Mayor offers rosy State of the City

Mayor offers rosy State of the City

Dave Boitano

The conversion of Alameda Point is moving along and the city is doing its best to convince employers to move here, Mayor Marie Gilmore said Tuesday night.

Gilmore’s assessment came during a State of the City address to the City Council and the audience at City Hall and those watching from home.

The mayor touted the city’s shopping districts including Park Street and Alameda South Shore Center, its good restaurants and local employers including the St. George Spirits distillery on the former Alameda Naval Air Station property.

City officials hosted representatives of Governor Jerry Brown’s Office of Economic Development last week, selling Alameda Point as a good place to do business, Gilmore said.

The unseasonably warm weather also played a part in putting the facility’s best foot forward, she added.

“The weather cooperated, “Gilmore said. “It was a beautiful day, clear, warm, sunny with a good view of San Francisco. People were impressed.”

Along with other businesses, Alameda Point now boasts Artemis Racing, the official challenger in the upcoming America’s Cup races on San Francisco Bay this summer, and representatives will headline a free event at the Alameda Theatre later this month, Gilmore said. Last year the city finalized the paperwork for a no-cost transfer of the Point property and will get a deed to 80 percent of the site next month.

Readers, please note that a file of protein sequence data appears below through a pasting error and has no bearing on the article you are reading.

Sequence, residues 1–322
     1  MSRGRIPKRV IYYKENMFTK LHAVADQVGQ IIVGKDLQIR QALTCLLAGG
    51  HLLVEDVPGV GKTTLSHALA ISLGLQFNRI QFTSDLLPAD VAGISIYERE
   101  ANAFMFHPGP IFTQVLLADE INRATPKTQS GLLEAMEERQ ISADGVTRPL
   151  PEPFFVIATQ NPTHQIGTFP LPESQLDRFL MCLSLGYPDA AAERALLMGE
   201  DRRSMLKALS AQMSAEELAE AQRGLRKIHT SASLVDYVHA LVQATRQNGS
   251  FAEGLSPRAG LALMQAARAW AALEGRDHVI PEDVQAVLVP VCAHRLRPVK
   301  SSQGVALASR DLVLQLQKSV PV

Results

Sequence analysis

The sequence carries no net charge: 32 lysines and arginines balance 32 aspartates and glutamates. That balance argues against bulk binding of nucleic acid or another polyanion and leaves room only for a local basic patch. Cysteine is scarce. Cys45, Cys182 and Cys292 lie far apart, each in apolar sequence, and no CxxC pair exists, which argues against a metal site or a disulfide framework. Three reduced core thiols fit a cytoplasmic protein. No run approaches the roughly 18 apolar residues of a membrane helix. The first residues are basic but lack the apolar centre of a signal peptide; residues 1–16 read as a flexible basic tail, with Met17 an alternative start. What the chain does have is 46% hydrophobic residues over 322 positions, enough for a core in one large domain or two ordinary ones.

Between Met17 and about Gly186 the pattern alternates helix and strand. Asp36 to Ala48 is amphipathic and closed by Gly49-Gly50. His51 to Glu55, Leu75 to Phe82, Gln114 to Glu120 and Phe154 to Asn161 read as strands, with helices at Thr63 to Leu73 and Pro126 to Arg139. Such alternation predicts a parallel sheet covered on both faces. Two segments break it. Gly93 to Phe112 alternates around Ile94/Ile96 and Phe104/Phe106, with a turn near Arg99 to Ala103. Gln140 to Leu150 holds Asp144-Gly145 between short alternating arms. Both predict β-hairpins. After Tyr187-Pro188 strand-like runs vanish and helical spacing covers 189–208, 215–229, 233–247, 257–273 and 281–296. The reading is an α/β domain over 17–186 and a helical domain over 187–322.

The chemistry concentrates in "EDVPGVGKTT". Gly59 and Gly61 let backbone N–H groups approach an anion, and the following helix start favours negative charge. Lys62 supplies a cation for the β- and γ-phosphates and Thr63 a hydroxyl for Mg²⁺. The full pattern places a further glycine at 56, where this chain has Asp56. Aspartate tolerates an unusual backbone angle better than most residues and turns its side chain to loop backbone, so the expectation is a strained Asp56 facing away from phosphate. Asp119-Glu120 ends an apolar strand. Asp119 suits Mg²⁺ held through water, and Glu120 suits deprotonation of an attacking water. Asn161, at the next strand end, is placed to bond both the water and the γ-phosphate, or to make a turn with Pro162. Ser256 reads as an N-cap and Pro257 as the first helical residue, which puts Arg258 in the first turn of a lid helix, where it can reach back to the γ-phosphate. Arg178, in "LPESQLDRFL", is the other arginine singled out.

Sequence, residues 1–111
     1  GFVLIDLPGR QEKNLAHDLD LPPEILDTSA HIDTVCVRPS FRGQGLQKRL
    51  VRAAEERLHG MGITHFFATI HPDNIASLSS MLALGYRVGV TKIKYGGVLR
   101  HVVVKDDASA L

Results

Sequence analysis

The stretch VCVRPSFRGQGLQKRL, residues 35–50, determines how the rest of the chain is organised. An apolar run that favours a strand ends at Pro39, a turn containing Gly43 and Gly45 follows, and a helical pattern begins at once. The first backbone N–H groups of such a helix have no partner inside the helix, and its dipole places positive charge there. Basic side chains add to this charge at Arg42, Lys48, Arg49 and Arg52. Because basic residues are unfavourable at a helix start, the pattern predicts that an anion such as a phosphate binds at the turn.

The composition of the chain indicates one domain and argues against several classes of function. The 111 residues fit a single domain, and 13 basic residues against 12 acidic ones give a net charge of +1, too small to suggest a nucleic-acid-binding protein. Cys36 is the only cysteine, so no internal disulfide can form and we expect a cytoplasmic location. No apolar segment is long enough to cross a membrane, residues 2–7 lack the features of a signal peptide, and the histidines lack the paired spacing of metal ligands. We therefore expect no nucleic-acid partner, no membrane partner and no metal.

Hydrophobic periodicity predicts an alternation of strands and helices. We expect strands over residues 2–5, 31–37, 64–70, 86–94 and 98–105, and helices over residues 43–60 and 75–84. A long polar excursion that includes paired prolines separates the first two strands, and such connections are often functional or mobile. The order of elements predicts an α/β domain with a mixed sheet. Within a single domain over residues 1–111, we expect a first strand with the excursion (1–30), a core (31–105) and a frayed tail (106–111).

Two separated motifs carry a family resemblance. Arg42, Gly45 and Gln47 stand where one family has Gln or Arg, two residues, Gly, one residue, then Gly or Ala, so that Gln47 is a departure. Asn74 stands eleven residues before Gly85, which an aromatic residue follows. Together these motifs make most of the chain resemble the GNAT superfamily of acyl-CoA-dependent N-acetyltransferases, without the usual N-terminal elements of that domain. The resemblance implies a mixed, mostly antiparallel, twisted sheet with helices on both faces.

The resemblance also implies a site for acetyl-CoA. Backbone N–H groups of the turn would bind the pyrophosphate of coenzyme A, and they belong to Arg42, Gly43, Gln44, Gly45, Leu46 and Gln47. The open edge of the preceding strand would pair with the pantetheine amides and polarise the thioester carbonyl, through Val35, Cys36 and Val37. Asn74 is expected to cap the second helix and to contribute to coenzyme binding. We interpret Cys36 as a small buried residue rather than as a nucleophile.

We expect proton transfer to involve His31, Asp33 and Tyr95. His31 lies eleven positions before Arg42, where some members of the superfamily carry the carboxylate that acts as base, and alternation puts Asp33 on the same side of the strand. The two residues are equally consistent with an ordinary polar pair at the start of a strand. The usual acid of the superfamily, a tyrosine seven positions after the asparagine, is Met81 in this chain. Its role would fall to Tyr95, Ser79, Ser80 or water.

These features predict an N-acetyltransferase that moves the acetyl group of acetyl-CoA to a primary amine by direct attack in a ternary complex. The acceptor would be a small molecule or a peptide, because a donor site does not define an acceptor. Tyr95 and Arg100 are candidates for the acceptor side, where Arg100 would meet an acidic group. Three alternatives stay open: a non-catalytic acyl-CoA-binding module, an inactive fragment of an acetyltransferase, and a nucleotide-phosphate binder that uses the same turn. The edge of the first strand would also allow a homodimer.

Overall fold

Work on a report assessing the environmental impacts of development is starting and a lawsuit over the property was settled, according to Gilmore. The city's former master developer for the Point, SunCal Companies, sued in 2010 after the council voted them off the Island.

“All of these activities are aimed at getting Alameda Point moving and getting that first shovel of dirt in the ground,” she said.

Another good piece of economic news is the arrival of a new Target store this fall, a project the city has been pursing since 2006, Gilmore said.

The City Council is dedicated to openness and transparency with the public, Gilmore said as evidenced by a new city website under development and the fact that no complaints were filed last year under Alameda’s sunshine ordinance, which is intended to promote transparency in city affairs.

The city will be instituting a two-year budget planning process, Gilmore said, and predictions that the city would be insolvent this year did not materialize.

“In 2010 some people predicted that we would be broke this year. Not only are we not broke, but we maintain a 24 percent reserve and balanced last year’s budget without cuts to services,” Gilmore said.

The city also enjoys peace with its labor unions, the mayor added, praising City Manager John Russo and the city’s police and fire associations for reaching contract settlements. The new agreements will require that employees contribute more to their health benefits and pension funds, further helping the city address long-term financial problems, Gilmore added.

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